Dolly the sheep comes to mind when we think of cloned animals. She was made famous as the "cloned sheep" made in the 1990s. But Dolly was a century late when it came to cloning.
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The Strange Beauty of the Glaucus Atlanticus Sea Slug

The Strange Beauty of the Glaucus Atlanticus Sea Slug | Science and Other Wild Affairs | Scoop.it

The Glaucus Atlanticus—also called blue sea slug, blue bottle, sea swallow, blue glaucus, blue ocean slug, and blue dragon—is a type of nudibranch found in waters around the world.

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What Really Makes Us Fat

What Really Makes Us Fat | Science and Other Wild Affairs | Scoop.it
New research shows that not all calories are created equal. That might help us figure out how to keep people from getting fat.
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The Chemistry of Passion & Sex : What You Didn’t Know |

The Chemistry of Passion & Sex : What You Didn’t Know | | Science and Other Wild Affairs | Scoop.it
The Chemistry of Passion & Sex : What You Didn’t Know http://t.co/DIbZiRJd...
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Don't privatise nature: Tom Goldtooth, Indigenous Environment Network | RTCC - Responding to Climate Change

Don't privatise nature: Tom Goldtooth, Indigenous Environment Network | RTCC - Responding to Climate Change | Science and Other Wild Affairs | Scoop.it
Tom Goldtooth of the Indigenous Environment Network calls the tar sands exploration in Canada the worst single example of polluting that he has ever witnessed and warns against the privatisation of nature.
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Diabetes drug makes brain cells grow

Diabetes drug makes brain cells grow | Science and Other Wild Affairs | Scoop.it
The widely used diabetes drug metformin comes with a rather unexpected and alluring side effect: it encourages the growth of new neurons in the brain, according to researchers.
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Noam Chomsky - "The machine, the ghost, and the limits of understanding"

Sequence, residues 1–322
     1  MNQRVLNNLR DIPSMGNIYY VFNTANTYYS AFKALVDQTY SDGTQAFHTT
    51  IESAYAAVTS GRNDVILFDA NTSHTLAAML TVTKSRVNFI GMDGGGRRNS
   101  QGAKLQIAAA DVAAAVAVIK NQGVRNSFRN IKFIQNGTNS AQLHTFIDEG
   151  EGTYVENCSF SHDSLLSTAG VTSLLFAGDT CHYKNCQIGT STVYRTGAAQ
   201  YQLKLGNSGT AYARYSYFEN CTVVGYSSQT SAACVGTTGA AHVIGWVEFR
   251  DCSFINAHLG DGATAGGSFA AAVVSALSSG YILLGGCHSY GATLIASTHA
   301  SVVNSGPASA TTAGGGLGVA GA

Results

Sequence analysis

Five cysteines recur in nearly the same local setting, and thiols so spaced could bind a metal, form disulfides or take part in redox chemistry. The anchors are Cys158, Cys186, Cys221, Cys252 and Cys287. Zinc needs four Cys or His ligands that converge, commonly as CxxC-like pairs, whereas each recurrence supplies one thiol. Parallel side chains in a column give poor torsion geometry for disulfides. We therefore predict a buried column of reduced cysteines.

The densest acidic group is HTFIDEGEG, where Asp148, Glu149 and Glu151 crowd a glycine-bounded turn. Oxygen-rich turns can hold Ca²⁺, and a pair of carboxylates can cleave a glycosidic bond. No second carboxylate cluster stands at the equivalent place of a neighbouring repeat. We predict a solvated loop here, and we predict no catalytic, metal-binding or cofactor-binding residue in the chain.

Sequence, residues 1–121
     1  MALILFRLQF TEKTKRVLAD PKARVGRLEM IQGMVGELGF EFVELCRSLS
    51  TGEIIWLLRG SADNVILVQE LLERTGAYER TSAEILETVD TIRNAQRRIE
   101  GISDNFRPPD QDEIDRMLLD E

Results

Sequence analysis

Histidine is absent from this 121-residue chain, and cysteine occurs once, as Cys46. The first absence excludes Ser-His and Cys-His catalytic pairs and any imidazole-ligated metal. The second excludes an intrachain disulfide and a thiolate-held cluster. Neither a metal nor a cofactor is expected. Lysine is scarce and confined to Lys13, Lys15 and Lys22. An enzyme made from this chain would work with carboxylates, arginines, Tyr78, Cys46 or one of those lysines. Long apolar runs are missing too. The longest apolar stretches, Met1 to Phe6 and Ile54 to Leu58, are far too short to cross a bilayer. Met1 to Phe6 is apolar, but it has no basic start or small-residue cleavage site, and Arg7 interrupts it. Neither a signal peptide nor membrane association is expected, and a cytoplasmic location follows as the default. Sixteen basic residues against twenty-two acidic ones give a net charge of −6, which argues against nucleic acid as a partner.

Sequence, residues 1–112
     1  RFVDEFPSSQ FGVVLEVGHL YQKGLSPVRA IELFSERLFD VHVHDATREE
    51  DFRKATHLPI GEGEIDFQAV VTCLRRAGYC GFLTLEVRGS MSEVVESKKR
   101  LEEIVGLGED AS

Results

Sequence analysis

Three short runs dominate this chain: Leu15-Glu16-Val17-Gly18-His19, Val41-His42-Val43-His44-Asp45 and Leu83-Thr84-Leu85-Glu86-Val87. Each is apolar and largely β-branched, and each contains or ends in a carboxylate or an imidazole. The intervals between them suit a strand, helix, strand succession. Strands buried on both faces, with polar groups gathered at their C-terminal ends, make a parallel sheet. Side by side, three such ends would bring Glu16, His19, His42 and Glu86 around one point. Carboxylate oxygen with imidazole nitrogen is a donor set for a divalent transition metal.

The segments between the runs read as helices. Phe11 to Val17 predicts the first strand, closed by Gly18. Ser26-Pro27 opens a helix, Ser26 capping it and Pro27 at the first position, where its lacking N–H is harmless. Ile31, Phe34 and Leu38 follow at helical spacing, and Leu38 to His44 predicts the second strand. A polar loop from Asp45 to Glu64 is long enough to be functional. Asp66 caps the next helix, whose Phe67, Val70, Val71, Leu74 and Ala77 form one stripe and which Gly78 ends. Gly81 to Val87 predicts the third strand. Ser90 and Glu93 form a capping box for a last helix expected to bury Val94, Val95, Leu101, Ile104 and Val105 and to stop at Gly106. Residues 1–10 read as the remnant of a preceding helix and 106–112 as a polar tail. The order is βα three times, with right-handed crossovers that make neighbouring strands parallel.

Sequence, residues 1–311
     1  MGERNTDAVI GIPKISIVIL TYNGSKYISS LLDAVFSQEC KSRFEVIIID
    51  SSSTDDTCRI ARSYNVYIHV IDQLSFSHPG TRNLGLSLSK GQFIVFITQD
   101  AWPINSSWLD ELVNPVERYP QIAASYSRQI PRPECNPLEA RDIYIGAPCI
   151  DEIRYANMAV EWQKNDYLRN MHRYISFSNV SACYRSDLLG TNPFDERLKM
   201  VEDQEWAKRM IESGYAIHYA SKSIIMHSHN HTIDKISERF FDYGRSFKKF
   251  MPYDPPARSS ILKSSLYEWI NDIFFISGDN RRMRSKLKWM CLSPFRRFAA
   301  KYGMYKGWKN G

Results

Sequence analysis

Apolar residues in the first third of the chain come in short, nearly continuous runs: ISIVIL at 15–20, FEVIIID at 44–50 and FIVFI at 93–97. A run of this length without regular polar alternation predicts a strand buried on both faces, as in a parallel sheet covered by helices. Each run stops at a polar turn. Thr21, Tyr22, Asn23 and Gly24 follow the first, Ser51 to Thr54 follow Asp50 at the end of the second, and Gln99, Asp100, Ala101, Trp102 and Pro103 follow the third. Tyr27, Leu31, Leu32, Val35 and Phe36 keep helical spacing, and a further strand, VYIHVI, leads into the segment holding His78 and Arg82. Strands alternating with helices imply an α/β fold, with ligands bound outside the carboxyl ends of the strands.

Professor Noam Chomsky, Massachusetts Institute of Technology: "The machine, the ghost, and the limits of understanding: Newton's contributions to the study ...
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Back pains? Brain scans predict how long they’ll last | SmartPlanet

Back pains? Brain scans predict how long they’ll last | SmartPlanet | Science and Other Wild Affairs | Scoop.it
For people with sore backs, there’s a difference in brain scans between those whose pain subsides and those whose pain lasts for years.
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Jeremy Kubica - Google+ - Computational Fairy Tales

Jeremy Kubica - Google+ - Computational Fairy Tales | Science and Other Wild Affairs | Scoop.it
I added a few FAQs about the Computational Fairy Tales book to the book page. I am always happy to take more questions.
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Nutrient mixture improves memory in patients with early Alzheimer's

Nutrient mixture improves memory in patients with early Alzheimer's | Science and Other Wild Affairs | Scoop.it
A clinical trial of an Alzheimer's disease treatment developed at MIT has found that the nutrient cocktail can improve memory in patients with early Alzheimer's.
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Dr. Eric Horvitz and Dr. Peter Norvig: The Challenge and Promise of Artificial Intelligence

Join leading researchers Dr. Eric Horvitz of Microsoft Research and Dr. Peter Norvig of Google for an intriguing discussion about the past, present, and future of artificial intelligence, moderated by KQED's Tim Olson.


Via Szabolcs Kósa